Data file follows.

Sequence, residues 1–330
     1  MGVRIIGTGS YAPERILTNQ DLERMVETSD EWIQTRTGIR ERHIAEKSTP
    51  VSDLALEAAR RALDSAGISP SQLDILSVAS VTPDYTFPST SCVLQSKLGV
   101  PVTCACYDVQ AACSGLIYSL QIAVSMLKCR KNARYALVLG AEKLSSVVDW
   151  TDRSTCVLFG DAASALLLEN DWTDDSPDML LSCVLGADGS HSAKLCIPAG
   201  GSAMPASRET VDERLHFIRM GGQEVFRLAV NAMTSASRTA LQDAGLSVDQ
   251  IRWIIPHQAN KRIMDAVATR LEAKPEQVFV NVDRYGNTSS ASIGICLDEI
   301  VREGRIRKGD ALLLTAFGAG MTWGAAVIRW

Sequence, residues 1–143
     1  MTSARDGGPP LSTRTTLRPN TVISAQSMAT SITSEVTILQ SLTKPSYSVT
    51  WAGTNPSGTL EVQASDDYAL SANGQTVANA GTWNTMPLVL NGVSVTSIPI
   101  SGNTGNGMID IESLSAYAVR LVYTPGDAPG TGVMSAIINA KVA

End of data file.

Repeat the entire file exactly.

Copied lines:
Sequence, residues 1–330
     1  MGVRIIGTGS YAPERILTNQ DLERMVETSD EWIQTRTGIR ERHIAEKSTP
    51  VSDLALEAAR RALDSAGISP SQLDILSVAS VTPDYTFPST SCVLQSKLGV
   101  PVTCACYDVQ AACSGLIYSL QIAVSMLKCR KNARYALVLG AEKLSSVVDW
   151  TDRSTCVLFG DAASALLLEN DWTDDSPDML LSCVLGADGS HSAKLCIPAG
   201  GSAMPASRET VDERLHFIRM GGQEVFRLAV NAMTSASRTA LQDAGLSVDQ
   251  IRWIIPHQAN KRIMDAVATR LEAKPEQVFV NVDRYGNTSS ASIGICLDEI
   301  VREGRIRKGD ALLLTAFGAG MTWGAAVIRW

Sequence, residues 1–143
     1  MTSARDGGPP LSTRTTLRPN TVISAQSMAT SITSEVTILQ SLTKPSYSVT
    51  WAGTNPSGTL EVQASDDYAL SANGQTVANA GTWNTMPLVL NGVSVTSIPI
   101  SGNTGNGMID IESLSAYAVR LVYTPGDAPG TGVMSAIINA KVA